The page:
From one-person shops to small companies GDPR was a big source of confusion as the deadline for the European Union legislation is now here.

“I am confused on it since I don’t generally gather data more than just collecting contact info,” said Marisa Cali, a digital marketing strategist at All the Social.  “It’s confusing to someone like myself since there isn’t a straight-forward how-to.”

We spoke with Sjors Mahler of in Amsterdam about what his company is doing and what questions will linger even after the deadline. And we discovered there may be one good thing to come out GDPR. (Disclosure: This interview was edited)

Q: Before we get started talking about GDPR, tell me a little bit about

A: We were founded in Amsterdam. We are a SaaS company, software as a service. We were founded by a company called The Next Web, a tech publisher. The Next Web got pitches from about 100 journalists that got regular pitches from the startup industry. They had one thing in common in that most press releases that they got looked horrible. All of them were like PDFs that were very badly formatted or Microsoft word files that didn’t look great but the stories often did look great. It was very hard to sift through 100 pitches a day and see which stories were good, which weren’t. So, they built a small tool called Press Doc and that tool would upload your press releases and all your images and add all your videos, add quotes and anything that journalists might be interested in and send that over as a link so the journalist had a one-stop shop. That escalated and within five years the user base was immense so they decided this is a business, this is not just a nice little tool that we built. So, we rebranded to in New York. Long story short, back then we had one tool, one product that was a newsroom solution. Now we have five tools.

Q: Obviously, you store a lot of data. GDPR was passed in 2016. What was the first reaction from your company and what did you first start doing?

A: Our first reaction was, this is really going to happen. It’s one of the first pieces of European legislation that we have seen. Most of the legislation we see is on the local level or on the national legislation. This is the first really big one that hit us as a software company. It took a lot of work to be compliant as far as you can be compliant because you have to remain compliant—that’s the whole thing about it. It’s a really big job for smaller companies like ours. We started really working at it a year ago. We store a lot of data for our customers. We couldn’t just ignore it. We had to rebuild our full CRM. It took us a little over 6 months and we are launching today, just in time.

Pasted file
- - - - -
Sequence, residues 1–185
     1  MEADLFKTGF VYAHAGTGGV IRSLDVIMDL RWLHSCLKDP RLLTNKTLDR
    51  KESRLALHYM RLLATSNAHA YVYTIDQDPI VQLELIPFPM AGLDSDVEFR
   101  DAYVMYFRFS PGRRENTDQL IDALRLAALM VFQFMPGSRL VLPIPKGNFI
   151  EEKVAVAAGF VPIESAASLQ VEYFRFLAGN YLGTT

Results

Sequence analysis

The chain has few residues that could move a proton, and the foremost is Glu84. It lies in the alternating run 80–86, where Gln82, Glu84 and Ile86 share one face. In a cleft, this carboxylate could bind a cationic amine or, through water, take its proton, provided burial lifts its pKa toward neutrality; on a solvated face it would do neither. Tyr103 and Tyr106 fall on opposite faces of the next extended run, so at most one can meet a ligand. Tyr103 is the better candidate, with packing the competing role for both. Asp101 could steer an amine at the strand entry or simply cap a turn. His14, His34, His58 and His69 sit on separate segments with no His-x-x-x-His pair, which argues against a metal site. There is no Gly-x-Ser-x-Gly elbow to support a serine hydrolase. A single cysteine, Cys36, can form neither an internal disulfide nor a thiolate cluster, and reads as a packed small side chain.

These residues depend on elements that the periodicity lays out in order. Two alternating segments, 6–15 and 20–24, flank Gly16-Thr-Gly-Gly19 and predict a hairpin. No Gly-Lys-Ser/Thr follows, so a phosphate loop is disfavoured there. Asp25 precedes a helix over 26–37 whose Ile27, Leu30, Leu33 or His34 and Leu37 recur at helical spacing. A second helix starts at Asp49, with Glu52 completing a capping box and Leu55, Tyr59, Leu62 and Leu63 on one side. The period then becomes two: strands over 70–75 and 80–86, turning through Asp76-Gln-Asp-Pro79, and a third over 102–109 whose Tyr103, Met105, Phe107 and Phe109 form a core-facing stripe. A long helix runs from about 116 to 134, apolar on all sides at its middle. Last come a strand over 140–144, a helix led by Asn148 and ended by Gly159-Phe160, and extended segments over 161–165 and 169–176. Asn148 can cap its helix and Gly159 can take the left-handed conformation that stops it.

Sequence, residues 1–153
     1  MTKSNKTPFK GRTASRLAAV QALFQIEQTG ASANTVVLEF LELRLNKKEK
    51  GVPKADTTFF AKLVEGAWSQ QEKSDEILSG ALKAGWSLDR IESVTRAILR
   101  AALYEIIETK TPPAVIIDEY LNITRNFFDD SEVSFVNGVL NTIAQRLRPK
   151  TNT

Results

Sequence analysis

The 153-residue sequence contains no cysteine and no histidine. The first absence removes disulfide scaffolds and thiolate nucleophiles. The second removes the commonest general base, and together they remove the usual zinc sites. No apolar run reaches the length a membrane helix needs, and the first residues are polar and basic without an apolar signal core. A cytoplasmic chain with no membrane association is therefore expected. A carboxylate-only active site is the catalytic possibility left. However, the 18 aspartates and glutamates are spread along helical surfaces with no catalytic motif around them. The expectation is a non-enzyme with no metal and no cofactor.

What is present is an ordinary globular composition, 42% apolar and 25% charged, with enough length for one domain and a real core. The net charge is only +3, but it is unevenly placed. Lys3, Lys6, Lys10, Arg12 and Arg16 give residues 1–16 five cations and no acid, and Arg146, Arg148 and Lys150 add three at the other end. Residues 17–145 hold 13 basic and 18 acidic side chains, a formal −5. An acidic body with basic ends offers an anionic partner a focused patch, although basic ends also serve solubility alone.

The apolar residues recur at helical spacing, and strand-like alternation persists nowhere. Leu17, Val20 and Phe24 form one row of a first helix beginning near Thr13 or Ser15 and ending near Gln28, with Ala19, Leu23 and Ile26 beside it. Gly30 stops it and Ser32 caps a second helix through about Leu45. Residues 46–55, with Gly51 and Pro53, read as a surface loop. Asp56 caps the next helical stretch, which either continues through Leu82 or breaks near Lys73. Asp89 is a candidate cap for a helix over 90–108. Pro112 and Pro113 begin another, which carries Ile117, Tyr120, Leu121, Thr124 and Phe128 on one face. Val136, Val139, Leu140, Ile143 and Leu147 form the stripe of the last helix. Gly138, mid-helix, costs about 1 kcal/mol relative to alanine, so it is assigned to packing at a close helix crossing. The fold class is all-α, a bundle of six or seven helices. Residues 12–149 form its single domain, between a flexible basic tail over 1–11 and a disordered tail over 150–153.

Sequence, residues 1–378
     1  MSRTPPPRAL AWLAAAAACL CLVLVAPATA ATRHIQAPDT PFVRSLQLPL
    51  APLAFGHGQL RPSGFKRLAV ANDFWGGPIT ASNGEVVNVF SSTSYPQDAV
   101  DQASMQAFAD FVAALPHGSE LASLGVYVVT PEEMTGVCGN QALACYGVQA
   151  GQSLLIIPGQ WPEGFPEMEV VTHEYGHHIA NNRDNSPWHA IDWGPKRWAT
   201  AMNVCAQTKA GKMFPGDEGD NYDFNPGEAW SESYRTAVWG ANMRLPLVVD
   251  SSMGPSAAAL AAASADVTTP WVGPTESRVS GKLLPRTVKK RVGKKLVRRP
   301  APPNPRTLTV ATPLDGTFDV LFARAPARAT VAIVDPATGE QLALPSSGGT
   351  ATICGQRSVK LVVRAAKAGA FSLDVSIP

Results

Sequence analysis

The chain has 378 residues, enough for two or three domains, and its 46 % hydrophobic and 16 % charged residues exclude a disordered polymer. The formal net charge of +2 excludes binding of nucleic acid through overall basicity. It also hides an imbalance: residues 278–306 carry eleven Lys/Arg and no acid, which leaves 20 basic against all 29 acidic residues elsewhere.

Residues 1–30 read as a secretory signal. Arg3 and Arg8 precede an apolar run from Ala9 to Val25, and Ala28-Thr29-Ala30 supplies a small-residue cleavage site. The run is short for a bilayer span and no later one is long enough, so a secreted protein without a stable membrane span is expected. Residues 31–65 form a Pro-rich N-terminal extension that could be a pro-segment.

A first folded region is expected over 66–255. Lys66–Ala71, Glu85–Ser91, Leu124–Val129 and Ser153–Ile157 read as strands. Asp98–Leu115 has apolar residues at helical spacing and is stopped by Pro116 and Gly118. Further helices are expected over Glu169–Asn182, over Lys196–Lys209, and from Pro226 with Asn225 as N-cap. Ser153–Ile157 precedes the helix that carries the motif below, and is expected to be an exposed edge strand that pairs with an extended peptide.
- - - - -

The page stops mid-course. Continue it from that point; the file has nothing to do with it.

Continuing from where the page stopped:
Q: What advice do you have for small companies or ones that do PR in-house?

There are so many things to think of to become GDPR compliant. I think the number one advice would be to check with all of your third-party tools and services and make sure they are GDPR compliant. Just ask them for a data protection agreement. Very often you have already heard from them. As a smaller PR professional, you are probably going to have a database and I hope that it’s a CRM. If it’s a CRM then check with them as well. Be careful with Gmail addresses and personal Email addresses – GDPR is stricter on reaching out to personal addresses than business addresses.

Q: What have you heard about enforcement? What are the fears about enforcement?

A: In terms of enforcement, it’s going to be very difficult. There’s a lot of companies and I think this becomes crucial for the larger companies—those are the ones the watchdogs will have their eyes on.

Q: I think what it’s coming down to, we are not absolutely sure what is going to happen.

A: There are still a couple of proposals that could go live on May 25 as well. One of them is that B-to-B addresses are perfectly fine. You could still send them email as long as you have the opt-out or unsubscribe link included. The opt-in link still confuses all of us. Can we still email a journalist that we don’t know yet but we saw a couple of articles that match our communication? Can I set up a meeting with them to get a cup of coffee? If you take the rules really strictly, you can’t do that. A lot of companies do outbound campaigns. They find companies that suit their ideal customer profile and reach out. That’s going to be difficult. It’s mostly going to be about inbound (marketing) these days. However, we have been checking to see if it’s still legal. We found a couple of articles and they say don’t do it just to be sure and we have said for B-to-B go ahead and do it.

Q: What do you think will be the effect of GDPR on the PR industry?

A: There’s a very cool thing about GDPR and that we are going back to where communication and public relations once started and that is really building relationships with someone. The only little scary thing is initiating that relationship. For some reason, public relations has shifted from something that’s very relationship-focused to something that you just download thousands of email addresses and send that message to all of them. I hope that’s the effect of GDPR.



Kim Jarrett is a native of Georgia with more than 25 years of experience in journalism, content writing, and social media management. She has won awards from the Georgia Press Association and won Gabby awards from the Georgia Association of Broadcasting in 2014, 2015, 2016 and 2017 in several categories including best use of digital media and best newscast. A native of Georgia, she received her B.A. in communications from Shorter University.